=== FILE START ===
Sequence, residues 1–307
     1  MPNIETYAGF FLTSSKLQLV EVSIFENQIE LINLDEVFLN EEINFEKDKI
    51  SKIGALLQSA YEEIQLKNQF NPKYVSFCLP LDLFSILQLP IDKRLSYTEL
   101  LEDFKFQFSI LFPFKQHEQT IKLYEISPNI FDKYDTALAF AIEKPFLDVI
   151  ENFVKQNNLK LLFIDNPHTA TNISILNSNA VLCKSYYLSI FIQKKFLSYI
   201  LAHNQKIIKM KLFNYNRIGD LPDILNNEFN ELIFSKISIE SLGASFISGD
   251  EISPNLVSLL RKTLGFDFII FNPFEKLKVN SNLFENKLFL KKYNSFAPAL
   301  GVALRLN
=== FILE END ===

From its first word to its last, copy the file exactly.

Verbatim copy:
Sequence, residues 1–307
     1  MPNIETYAGF FLTSSKLQLV EVSIFENQIE LINLDEVFLN EEINFEKDKI
    51  SKIGALLQSA YEEIQLKNQF NPKYVSFCLP LDLFSILQLP IDKRLSYTEL
   101  LEDFKFQFSI LFPFKQHEQT IKLYEISPNI FDKYDTALAF AIEKPFLDVI
   151  ENFVKQNNLK LLFIDNPHTA TNISILNSNA VLCKSYYLSI FIQKKFLSYI
   201  LAHNQKIIKM KLFNYNRIGD LPDILNNEFN ELIFSKISIE SLGASFISGD
   251  EISPNLVSLL RKTLGFDFII FNPFEKLKVN SNLFENKLFL KKYNSFAPAL
   301  GVALRLN